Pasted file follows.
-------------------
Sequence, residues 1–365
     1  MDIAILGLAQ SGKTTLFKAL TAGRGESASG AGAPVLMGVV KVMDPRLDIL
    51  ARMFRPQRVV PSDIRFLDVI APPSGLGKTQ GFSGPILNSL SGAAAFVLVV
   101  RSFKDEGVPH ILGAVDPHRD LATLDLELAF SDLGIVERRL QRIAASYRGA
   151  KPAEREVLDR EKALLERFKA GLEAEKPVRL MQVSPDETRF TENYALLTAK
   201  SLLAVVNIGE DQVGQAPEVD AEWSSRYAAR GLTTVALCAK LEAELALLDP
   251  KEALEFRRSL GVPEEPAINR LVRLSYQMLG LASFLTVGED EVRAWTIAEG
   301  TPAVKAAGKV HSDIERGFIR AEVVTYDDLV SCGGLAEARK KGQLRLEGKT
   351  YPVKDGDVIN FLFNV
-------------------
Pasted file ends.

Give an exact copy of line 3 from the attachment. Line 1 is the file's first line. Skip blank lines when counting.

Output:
    51  ARMFRPQRVV PSDIRFLDVI APPSGLGKTQ GFSGPILNSL SGAAAFVLVV